The power and scoring that was absent in the Yankees’ first trip to Fenway was on full display in their 10-3 win over the Red Sox Friday night.
Alfonso Soriano’s earth-scorching run continued with a 3-for-4, four-RBI night that included a two-run homer. In his Yankees debut, Mark Reynolds went 2 for 5 with a three-run blast, becoming the 14th player since 1961 to homer in his first at-bat with the Yankees.
The Yankees lineup manhandled Red Sox starter Felix Doubront, who gave up seven runs (six earned) before getting the hook after four innings. It was the second time this season and the fifth time in his career that he’s allowed at least six runs.
The Sox struggled to muster offense most of the night, with Yankees starter Andy Pettitte going 6 2/3 innings giving up three unearned runs.
As for Alex Rodriguez, he was practically oblivious to the boos going 2 for 4 with a run scored.
End of the seventh, Yankees 7, Red Sox 3: You could see it coming. The Sox put together a couple of runs thanks to RBI singles from David Ortiz and Jarrod Saltalamacchia.
It wasn’t exactly a rally, but they were at least showing some vital signs.
Then, everything unraveled with Mike Carp at the plate. With the count 1-and-2, Yankees reliever Shawn Kelley fired a slider low and in.
What happened after that depends on who’s view you see it from.
Mike Carp clearly thought it grazed him — possibly on the right foot by the look of the replays or maybe on his back leg. Either way, he didn’t hesitate to make his way to first.
But home plate umpire Bill Welke wasn’t so sure. In fact, he ultimately decided the ball never touched Carp and called Carp back to the plate. Sox manager John Farrell came out to the dugout to argue. Carp, confused, try to talk to Welke to figure out what happened.
He wasn’t happy to be back in the batter’s box. But two pitches later, when Welke rung him up on a slider that was, according to Pitch F/X, was well enough out of the zone, he exploded.
He Gronk-spiked his helmet then got face to face with Welke, throwing his hands in the umpires face.
At that point, the ejection was academic. It was the second of his career. Both came this season.
End of the sixth, Yankees 7, Red Sox 1: Seeing Rubby De La Rosa sail a throw by Mike Napoli for his first error this season sparked the obligatory trip to Baseball Reference.
The Red Sox are seventh in the American League and 15th in the majors with 67 errors, but a league-high 13 of those were committed by their pitchers.
The league average, if you were wondering, is eight.
End of the fifth, Yankees 7, Red Sox 1: Rubby De La Rosa calmed things down slightly. He nibbled at Alex Rodriguez, feeding him two sliders to start then walking him on seven pitches. But then he went to his fastball and got a pair of fly balls from Vernon Wells and Mark Reynolds and struck out Ichiro Suzuki.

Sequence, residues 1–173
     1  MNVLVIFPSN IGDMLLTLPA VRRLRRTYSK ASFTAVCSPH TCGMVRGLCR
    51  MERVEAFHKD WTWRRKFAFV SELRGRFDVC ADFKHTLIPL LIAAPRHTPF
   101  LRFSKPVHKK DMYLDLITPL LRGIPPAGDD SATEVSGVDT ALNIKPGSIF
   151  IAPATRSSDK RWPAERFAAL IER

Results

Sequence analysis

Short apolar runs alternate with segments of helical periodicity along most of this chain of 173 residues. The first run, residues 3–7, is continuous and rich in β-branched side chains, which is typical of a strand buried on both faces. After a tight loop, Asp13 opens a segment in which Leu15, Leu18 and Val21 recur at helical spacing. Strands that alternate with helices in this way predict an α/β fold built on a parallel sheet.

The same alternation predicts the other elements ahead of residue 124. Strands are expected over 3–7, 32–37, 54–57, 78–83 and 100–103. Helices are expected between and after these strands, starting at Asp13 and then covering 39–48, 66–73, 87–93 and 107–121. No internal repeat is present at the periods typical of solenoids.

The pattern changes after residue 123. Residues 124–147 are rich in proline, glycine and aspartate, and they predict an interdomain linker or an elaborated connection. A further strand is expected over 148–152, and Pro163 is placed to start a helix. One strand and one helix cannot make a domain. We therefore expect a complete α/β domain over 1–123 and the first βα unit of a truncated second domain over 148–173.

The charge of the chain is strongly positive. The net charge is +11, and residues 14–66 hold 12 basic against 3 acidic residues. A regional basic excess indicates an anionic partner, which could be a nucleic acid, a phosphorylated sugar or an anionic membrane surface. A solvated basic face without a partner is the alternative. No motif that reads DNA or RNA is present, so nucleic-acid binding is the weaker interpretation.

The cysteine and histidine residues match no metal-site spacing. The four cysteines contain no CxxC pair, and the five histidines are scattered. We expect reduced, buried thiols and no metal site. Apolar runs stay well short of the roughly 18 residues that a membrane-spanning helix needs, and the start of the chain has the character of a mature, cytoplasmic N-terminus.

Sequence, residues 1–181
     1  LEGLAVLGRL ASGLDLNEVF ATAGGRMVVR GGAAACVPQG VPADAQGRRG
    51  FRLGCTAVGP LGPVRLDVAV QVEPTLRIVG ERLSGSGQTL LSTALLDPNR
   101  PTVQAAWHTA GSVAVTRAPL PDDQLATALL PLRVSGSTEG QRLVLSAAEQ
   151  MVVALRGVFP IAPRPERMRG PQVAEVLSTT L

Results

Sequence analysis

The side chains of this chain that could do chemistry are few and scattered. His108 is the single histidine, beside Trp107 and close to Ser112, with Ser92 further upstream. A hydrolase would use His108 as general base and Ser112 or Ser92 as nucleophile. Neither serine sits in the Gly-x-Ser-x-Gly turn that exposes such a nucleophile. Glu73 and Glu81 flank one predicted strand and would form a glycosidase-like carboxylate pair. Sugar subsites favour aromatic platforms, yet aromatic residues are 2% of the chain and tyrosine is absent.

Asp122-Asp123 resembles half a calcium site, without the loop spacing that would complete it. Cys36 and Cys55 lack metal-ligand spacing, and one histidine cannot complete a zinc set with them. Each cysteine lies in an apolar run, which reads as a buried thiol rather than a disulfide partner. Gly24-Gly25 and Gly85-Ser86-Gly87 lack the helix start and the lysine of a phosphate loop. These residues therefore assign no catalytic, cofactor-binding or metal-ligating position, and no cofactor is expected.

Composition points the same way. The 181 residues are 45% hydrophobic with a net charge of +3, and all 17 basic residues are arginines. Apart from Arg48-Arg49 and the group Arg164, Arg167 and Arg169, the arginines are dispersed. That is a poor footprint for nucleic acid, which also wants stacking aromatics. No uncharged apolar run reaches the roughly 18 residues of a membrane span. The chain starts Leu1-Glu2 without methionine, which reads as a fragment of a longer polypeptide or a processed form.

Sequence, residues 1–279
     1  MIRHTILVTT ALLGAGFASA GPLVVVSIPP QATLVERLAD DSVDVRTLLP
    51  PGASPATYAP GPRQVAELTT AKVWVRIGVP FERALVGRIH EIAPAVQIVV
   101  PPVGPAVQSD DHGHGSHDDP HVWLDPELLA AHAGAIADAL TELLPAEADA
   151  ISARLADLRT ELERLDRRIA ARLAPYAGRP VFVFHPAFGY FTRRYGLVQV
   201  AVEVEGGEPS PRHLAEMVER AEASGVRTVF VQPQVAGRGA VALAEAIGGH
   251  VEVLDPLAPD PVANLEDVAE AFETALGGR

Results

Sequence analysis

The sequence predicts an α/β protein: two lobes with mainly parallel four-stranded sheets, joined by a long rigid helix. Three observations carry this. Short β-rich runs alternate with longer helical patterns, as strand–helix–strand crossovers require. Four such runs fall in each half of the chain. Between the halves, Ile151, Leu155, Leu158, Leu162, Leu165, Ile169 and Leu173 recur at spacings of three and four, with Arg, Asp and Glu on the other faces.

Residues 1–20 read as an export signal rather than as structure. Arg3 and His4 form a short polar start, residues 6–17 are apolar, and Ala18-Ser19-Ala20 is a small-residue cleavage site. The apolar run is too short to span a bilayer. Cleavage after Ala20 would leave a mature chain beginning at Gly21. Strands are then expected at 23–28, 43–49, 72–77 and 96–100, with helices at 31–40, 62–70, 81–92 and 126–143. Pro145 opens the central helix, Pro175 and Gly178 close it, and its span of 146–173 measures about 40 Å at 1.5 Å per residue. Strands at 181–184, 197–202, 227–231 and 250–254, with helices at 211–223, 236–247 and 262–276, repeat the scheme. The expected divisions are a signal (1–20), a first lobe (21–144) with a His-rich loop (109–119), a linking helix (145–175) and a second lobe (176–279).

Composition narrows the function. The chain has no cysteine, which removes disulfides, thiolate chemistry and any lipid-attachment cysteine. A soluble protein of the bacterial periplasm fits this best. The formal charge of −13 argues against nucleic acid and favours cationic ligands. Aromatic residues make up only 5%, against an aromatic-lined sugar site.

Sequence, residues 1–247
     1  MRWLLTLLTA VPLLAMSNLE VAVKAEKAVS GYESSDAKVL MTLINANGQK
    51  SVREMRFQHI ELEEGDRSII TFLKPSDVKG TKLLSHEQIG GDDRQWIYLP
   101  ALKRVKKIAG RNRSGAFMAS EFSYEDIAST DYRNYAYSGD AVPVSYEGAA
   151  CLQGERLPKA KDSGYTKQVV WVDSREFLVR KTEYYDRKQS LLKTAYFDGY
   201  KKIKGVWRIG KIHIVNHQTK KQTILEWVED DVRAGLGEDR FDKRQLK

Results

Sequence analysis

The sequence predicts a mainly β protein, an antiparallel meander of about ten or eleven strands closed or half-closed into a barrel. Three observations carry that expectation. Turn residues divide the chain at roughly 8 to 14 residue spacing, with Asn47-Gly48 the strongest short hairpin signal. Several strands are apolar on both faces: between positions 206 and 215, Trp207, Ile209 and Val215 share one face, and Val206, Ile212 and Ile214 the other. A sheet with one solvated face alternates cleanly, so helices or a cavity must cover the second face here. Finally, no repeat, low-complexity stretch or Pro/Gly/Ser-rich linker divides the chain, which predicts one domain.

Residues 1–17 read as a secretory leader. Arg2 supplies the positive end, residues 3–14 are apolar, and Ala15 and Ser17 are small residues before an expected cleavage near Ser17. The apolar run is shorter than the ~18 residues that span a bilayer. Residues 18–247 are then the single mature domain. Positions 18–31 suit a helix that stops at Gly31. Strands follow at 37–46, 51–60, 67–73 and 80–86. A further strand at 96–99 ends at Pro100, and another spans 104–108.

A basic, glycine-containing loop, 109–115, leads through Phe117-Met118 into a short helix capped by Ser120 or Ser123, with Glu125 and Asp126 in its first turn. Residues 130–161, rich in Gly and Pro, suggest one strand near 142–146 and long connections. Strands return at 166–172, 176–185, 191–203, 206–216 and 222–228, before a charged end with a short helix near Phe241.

It was the Yankees first scoreless inning of the night.
End of the 4th, Yankees, 7, Red Sox 1: After four miserable innings, John Farrell pulled the plug on Felix Doubront.
His line: Seven runs (six earned) on eight hits (two homers) with two walks. Its the third time this season he’s given up six earned runs, and the fifth time in his career, spoiling what was a strong run over his past seven starts. He was 4-2 with a 2.53 ERA.
End of the 3d, Yankees 6, Red Sox 0: Alfonso Soriano just shot a neck breaker out to the Monster.
No really, a neck-breaker.
It was his 25th of the season, and it threw the Sox into a pretty deep whole, especially considering that they’ve only mustered one hit so far — a two-out single by Will Middlebrooks.
End of the 2d, Yankees 3, Red Sox 0: When the Yankees came to Fenway last month, they were searching for power. They went homeless over the three-game set and realized it was a serious issue in the lineup.
This time, though, manager Joe Girardi seemed confident it’d be different.
In his first at-bat as a Yankee, Mark Reynolds made sure to it, blasting a two-run homer. He became the 14 player since 1961 to homer in his first at-bat as a Yankee.
End of the 1st, Yankees 1, Red Sox 0: Even if it was just a bouncer to short, Alfonso Soriano’s hitting binge continues.
His infield single got the Yankees on the board early, scoring Brett Gardner. It makes him 11 for his last 15 with a double, four homers and 15 RBIs.
We don’t have the equipment to check the decibel level of the boos that rained on Alex Rodriguez — or for that matter the roar when he lined into an inning-ending double-play, but the Sox caught some footage on Vine.
Pregame: Alex Rodriguez was expected to bring a cloud of controversy with him to Fenway park this weekend, but a “60 Minutes” report that he purchased documents that implicated Milwaukee Brewers slugger Ryan Braun and his own teammate Francisco Cervelli in the Biogenesis scandal only made it larger.
He was predictably showered with boos during introductions and will likely hear more when he steps into the box.
Sitting six games back in the wild card standings and 8.5 back in the division, the Yankees insist they can withstand the distraction.
But they’re facing an already bitter rival with players that have openly expressed their displeasure with the fact that Rodriguez is even on the same field.
Needless to say, this series will be interesting.
Enjoy. Feel free to comment.